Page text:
The Great Schism
The Great Schism was a period in European history between 1378 and 1417 during which two and sometimes three people claimed to be the legitimate pope. The Great Schism began after several cardinals argued that the election of Pope Urban VI in 1378 had been coerced by a hostile mob in Rome. The cardinals subsequently elected a different, competing pope, Clement VII. Different rulers in Europe supported one of the two popes, usually due to political expediency more than religious sentiment or legal arguments. The Great Schism eventually ended with the election of a single pope, Martin V, in 1417; however, the power of the papacy was dealt an irrevocable blow.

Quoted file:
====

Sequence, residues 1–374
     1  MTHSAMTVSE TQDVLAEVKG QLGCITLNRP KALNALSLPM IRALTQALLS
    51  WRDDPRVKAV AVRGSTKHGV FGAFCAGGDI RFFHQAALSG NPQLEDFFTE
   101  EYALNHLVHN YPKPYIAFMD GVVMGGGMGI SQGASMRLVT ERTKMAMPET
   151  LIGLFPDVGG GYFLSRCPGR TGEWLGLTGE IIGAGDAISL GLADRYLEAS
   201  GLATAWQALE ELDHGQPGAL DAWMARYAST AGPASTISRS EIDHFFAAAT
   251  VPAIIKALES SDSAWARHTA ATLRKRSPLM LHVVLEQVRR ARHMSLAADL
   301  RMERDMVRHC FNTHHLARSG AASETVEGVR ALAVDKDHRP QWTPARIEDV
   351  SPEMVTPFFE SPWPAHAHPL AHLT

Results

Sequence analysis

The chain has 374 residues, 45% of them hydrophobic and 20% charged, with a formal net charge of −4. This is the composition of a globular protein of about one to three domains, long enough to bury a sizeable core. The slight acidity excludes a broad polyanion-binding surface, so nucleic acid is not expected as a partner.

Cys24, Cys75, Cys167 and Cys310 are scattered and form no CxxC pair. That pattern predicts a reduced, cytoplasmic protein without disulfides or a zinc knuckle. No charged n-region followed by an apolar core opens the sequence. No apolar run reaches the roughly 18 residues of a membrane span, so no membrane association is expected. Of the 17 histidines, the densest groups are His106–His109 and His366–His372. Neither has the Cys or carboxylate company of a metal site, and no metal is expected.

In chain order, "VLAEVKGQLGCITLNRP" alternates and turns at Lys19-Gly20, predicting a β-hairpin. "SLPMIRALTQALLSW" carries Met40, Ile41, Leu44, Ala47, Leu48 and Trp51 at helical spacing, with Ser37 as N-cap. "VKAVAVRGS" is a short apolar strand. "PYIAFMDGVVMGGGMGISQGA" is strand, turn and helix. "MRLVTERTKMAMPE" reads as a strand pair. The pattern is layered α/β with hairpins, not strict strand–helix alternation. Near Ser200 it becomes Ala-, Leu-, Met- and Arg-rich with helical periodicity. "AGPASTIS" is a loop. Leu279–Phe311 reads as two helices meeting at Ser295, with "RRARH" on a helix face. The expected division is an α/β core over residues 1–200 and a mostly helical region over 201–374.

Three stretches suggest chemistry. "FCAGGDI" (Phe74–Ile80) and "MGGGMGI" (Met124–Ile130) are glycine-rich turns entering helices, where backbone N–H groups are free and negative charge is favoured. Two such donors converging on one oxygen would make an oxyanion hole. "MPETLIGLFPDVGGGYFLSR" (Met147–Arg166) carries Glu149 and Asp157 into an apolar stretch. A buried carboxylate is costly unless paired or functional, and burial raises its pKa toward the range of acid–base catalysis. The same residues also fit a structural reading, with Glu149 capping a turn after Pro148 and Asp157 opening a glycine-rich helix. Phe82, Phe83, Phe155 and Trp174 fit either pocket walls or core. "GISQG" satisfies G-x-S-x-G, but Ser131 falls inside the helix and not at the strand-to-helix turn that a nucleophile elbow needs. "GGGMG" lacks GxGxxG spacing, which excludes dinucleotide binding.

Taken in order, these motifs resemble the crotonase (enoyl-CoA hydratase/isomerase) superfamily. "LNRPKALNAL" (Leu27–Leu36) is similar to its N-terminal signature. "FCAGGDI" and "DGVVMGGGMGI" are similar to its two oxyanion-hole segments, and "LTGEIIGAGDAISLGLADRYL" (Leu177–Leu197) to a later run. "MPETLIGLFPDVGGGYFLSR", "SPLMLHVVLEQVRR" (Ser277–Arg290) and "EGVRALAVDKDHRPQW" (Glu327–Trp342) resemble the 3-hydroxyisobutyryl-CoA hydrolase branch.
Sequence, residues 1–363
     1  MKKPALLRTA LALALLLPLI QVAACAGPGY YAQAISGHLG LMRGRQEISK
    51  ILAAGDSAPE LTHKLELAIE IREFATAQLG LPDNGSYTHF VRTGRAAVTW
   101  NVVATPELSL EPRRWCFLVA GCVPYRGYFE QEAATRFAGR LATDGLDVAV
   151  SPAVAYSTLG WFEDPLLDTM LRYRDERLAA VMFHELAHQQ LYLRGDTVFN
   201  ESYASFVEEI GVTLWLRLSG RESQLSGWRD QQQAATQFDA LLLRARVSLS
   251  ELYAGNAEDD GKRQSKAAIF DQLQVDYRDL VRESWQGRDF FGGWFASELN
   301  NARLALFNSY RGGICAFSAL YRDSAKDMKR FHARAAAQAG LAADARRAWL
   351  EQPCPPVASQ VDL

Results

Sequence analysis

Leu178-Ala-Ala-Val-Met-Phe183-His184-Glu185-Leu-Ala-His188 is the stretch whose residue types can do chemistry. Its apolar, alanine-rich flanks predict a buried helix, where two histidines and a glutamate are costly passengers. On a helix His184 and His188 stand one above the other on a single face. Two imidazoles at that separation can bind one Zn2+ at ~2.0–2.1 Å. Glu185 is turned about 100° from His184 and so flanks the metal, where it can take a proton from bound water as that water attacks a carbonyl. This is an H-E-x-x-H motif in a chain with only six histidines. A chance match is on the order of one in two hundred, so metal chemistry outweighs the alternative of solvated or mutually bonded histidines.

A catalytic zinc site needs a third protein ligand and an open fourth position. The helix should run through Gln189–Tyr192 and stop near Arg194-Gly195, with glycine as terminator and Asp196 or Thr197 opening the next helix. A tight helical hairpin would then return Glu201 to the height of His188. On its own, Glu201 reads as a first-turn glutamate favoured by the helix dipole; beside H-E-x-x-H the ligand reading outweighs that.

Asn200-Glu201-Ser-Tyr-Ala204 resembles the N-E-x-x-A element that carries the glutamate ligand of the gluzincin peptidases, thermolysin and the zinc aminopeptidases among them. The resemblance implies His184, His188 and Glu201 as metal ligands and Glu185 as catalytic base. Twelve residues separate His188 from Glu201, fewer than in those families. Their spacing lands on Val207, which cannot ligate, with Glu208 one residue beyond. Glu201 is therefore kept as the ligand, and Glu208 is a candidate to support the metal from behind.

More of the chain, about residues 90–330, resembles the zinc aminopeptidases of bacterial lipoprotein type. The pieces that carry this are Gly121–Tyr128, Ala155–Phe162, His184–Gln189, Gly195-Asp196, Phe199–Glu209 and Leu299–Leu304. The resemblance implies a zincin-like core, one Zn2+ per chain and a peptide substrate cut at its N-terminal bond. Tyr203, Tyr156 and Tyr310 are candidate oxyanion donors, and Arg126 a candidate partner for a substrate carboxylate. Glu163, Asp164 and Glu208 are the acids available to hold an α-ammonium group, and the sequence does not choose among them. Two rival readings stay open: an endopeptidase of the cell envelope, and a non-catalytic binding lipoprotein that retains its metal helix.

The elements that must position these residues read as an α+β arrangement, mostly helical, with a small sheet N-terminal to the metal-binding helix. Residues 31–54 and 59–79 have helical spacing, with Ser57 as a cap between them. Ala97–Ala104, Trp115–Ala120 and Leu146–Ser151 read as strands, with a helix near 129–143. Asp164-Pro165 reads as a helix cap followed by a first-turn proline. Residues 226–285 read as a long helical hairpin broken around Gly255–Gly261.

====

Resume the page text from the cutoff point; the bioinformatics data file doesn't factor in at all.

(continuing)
Maxson, Brian Jeffrey. 2018. The Great Schism. Encyclopedia of Diplomacy. Wiley-Blackwell. https://doi.org/10.1002/9781118885154.dipl0111 ISBN: 9781118885154